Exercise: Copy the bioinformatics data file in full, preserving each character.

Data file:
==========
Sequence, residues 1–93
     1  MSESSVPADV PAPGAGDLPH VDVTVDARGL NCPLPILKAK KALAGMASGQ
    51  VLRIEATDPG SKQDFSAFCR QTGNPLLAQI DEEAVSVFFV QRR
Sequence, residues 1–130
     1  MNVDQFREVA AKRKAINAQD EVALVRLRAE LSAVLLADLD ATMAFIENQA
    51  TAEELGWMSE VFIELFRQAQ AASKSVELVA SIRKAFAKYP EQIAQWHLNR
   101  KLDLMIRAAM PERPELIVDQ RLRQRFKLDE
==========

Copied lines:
Sequence, residues 1–93
     1  MSESSVPADV PAPGAGDLPH VDVTVDARGL NCPLPILKAK KALAGMASGQ
    51  VLRIEATDPG SKQDFSAFCR QTGNPLLAQI DEEAVSVFFV QRR
Sequence, residues 1–130
     1  MNVDQFREVA AKRKAINAQD EVALVRLRAE LSAVLLADLD ATMAFIENQA
    51  TAEELGWMSE VFIELFRQAQ AASKSVELVA SIRKAFAKYP EQIAQWHLNR
   101  KLDLMIRAAM PERPELIVDQ RLRQRFKLDE